- Eye Scream: One of Prior’s worst war memories is of picking up one of his soldier’s eyeballs, after a bomb hits their trench and kills two men.
- Faceless Eye: A recurring themeas well as the Eye Scream above, the jails have a hole in the door to spy on prisoners, which Prior sees as an actual eye.
- The Farmer and the Viper: After Prior’s “Mr. Hyde” self betrays Mac to the police, he visits Mac in jail and tells him this fable, bitterly asking how Mac and the Roper family, the farmers, could have expected anything else of Prior, the viper.
- Grey and Gray Morality: Made even more difficult when the characters are questioning their own sanity.
- Hero Worshipper: Arguably how Sassoon and Owen's relationship began, although they were much closer friends than this trope usually implies. In any case, Owen's emulation of Sassoon and Sassoon's profound influence on his style are well documented in Real Life. In Regeneration, Owen, as a fan of Sassoon's poetry, asks him to sign some books; in return, Sassoon persuades Owen to show him some of his own writing, and helps him to start writing about the war.
- Internalized Categorism: What happens when you’re a male soldier in love with another male soldier, and those in charge tells you that gays are depraved and that homosexuality is a threat to the nation’s security? You could become Armored Closet Gay, or end up in a place like Craiglockhart as a result of a Freak-Out. Barker also makes some interesting points about internalized classism. And the self-hatred of the men who feel they shouldn't have broken down at all.
- It's All Junk: Sassoon throws his military cross, an award for extreme bravery, into the river. He explains that he wasn’t in agony—he was upset.
- Mercy Kill: Manning has to do this after one of his men is injured and slowly drowning in a mud pit.
- Missing Time: This starts to happen to Prior in The Eye In The Door. Some of the effects:
- Moral Dilemma: For everyone. Sassoon’s decision of how to speak out against the war, Graves’ decision of how to respond to that, and Rivers’ decision of how to deal with Sassoon just start off the story.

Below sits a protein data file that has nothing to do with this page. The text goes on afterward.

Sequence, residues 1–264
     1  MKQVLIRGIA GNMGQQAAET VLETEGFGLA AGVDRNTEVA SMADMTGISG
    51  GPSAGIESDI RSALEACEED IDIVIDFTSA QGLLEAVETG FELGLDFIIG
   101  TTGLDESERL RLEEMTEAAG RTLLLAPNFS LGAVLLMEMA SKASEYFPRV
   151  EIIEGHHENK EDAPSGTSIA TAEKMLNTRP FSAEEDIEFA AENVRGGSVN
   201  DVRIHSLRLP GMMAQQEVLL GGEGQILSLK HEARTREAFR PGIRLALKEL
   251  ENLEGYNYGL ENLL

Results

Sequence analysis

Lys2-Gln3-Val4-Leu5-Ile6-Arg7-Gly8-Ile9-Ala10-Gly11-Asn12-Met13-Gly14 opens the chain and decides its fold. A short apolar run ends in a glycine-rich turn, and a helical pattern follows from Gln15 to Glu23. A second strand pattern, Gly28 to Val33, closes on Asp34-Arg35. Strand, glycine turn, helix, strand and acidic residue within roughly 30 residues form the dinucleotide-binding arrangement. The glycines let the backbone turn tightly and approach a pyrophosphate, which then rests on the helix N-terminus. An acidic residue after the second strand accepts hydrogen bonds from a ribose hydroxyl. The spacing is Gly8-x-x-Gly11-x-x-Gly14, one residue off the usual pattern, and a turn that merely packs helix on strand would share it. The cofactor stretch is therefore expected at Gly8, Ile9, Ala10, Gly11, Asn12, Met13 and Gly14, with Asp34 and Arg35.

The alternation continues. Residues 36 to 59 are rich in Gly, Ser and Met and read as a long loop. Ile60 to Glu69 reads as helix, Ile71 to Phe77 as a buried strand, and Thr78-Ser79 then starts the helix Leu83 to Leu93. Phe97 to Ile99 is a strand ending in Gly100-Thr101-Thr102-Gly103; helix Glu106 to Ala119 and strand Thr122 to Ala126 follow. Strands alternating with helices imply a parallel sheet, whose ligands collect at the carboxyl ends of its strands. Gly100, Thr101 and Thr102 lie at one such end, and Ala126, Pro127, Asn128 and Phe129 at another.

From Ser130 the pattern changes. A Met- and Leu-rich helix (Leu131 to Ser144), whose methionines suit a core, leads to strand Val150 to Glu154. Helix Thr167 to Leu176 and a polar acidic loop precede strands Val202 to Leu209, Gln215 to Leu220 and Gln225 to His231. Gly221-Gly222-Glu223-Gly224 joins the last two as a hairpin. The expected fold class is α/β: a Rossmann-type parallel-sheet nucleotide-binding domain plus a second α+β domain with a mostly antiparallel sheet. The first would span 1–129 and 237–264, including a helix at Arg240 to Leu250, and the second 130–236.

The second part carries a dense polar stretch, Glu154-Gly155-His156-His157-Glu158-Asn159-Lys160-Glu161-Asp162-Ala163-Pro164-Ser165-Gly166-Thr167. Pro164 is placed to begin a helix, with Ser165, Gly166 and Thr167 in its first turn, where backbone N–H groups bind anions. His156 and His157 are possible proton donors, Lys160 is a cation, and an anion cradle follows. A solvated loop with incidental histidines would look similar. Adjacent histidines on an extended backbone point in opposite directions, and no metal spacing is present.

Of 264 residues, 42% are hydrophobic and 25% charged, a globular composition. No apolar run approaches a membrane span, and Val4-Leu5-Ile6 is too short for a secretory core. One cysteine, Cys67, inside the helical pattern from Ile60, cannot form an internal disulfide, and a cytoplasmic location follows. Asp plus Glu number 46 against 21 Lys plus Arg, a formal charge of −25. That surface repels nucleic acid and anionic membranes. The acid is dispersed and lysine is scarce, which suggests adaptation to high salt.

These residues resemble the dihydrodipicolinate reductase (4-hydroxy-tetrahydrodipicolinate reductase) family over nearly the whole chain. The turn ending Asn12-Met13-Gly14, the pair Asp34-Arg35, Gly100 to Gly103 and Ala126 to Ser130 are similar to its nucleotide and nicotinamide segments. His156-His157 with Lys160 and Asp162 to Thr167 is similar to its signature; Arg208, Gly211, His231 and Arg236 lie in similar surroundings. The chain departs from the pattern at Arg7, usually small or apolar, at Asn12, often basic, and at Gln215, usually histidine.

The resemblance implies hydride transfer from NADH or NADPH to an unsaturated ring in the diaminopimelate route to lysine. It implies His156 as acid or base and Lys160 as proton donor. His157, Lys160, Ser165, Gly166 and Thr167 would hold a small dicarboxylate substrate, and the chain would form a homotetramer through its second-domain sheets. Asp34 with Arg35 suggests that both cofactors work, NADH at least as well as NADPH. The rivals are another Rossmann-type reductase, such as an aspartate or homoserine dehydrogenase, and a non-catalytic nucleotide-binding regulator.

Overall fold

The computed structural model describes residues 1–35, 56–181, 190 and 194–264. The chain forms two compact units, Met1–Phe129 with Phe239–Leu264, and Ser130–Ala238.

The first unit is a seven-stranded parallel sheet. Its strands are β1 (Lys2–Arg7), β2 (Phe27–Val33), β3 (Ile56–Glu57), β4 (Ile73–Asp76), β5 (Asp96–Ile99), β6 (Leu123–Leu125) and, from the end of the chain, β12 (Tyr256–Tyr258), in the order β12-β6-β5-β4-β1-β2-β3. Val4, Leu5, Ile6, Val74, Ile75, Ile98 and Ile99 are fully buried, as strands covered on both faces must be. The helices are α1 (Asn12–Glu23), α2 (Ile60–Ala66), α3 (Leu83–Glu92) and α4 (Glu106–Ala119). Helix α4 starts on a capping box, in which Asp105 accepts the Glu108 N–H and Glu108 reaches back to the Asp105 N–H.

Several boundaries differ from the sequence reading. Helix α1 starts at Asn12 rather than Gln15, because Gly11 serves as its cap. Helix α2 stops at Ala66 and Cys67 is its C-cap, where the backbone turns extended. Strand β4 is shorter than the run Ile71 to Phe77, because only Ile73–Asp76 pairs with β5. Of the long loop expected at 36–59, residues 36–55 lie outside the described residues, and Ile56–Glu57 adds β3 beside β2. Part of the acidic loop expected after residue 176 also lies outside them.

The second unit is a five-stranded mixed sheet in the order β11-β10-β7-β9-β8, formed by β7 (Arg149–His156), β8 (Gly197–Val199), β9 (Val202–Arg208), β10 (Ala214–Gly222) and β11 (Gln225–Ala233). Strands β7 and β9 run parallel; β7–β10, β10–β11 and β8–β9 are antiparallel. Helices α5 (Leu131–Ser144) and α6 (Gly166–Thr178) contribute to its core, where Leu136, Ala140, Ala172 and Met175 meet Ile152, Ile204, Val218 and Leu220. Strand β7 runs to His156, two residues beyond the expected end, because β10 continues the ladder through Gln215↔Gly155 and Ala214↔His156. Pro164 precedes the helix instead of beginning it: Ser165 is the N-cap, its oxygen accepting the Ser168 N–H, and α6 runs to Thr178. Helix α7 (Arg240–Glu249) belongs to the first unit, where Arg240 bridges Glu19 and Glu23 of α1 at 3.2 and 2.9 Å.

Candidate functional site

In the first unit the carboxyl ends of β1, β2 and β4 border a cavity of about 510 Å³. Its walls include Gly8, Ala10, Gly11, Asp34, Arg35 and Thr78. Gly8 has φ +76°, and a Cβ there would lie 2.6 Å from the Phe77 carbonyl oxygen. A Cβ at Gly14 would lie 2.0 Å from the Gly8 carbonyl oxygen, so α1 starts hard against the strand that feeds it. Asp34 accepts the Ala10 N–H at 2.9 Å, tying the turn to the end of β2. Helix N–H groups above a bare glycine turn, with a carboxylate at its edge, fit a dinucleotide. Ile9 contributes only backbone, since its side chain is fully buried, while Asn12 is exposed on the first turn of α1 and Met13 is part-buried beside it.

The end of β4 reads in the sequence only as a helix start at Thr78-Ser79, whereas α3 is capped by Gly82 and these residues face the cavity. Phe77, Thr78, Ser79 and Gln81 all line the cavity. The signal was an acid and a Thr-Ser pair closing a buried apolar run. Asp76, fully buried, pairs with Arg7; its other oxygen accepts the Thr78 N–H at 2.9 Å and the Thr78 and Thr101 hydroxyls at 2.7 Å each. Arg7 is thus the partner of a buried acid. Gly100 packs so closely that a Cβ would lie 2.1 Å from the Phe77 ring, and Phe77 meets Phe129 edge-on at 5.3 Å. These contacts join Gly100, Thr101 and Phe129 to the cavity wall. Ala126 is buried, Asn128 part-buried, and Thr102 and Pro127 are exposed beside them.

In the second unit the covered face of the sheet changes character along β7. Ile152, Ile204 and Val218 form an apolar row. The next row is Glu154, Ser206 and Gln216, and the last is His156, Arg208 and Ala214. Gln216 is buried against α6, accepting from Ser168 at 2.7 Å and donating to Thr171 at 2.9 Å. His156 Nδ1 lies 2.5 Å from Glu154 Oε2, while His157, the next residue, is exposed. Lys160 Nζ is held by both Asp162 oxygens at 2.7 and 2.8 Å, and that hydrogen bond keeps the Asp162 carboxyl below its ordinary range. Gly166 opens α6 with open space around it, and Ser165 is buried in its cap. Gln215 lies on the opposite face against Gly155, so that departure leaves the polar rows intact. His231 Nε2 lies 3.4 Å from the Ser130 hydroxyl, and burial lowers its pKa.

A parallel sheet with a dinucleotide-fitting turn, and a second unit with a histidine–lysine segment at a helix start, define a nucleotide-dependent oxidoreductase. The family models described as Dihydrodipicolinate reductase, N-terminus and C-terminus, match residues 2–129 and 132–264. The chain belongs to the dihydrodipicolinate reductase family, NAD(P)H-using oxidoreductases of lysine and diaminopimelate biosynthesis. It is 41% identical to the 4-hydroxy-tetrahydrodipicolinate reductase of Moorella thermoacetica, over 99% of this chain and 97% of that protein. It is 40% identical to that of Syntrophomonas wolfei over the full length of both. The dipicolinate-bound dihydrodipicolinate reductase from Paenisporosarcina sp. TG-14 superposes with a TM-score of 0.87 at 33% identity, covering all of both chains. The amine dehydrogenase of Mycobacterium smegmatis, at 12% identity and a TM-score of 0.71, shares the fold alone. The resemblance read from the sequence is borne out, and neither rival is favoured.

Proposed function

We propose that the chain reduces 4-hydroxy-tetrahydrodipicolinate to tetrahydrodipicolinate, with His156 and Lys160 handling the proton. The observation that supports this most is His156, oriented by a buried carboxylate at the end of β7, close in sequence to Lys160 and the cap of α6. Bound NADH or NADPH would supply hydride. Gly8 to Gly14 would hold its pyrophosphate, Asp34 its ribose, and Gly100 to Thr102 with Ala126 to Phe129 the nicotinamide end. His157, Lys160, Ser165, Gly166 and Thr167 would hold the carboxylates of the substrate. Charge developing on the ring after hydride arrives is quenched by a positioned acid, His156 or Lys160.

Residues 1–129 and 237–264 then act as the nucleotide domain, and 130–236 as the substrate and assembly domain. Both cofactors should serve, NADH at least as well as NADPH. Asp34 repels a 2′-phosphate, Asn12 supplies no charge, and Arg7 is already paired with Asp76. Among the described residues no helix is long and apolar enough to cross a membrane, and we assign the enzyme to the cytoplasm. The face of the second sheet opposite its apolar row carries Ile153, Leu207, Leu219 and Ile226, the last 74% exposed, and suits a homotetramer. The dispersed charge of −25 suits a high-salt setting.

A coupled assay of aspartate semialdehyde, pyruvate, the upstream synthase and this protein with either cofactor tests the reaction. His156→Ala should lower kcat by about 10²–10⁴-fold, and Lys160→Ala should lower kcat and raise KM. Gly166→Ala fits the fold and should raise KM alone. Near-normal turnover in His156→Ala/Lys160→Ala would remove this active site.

- North East England: Where Prior and Sarah are from. Oop North. Prior likes to satirize this.
- Parental Substitute: By the end of the trilogy, Rivers realizes that he has become closer to a father figure than a therapist for many of his patients.
- Psycho Psychologist: Yealland might qualify, though Rivers subverts this hard. That doesn't stop him questioning his own sanity.
- Shell-Shocked Veteran: The reason people come to Craiglockhart, after they have crossed the Despair Event Horizon or experienced Heroic BSOD. A few of their symptoms:
- Team Dad: Rivers. As well as:
- Team Mom: The role that the officers play.
- Reasonable Authority Figure: Rivers often takes on this role.
- Second Love: Prior, for Sarah.
- Shoot the Dog: Wartime standard procedure. It even happens literally in The Ghost Road.
- Single-Issue Psychology: Deconstructed. The characters often have one incident that particularly bothers them but its explained that these were just the little nudge needed to push them over the edge.
- Speech Impediment: Rivers, whose father was a speech therapist, stuttered badly as a child, and still works to control it.
- The Stoic: Sassoon.
- The Unfavorite: Rivers is implied to be this, especially since his parents’ friend Lewis Carroll preferred girls.
- War Is Hell: Truth in Television.
- Warrior Poet: Sassoon, Owen, and Graves, the Young Future Famous People.
- Was It Really Worth It?: Rivers constantly asks himself this, after he declares Sassoon fit for duty.
- What the Hell, Hero?: Billy Prior has a lot of moments like this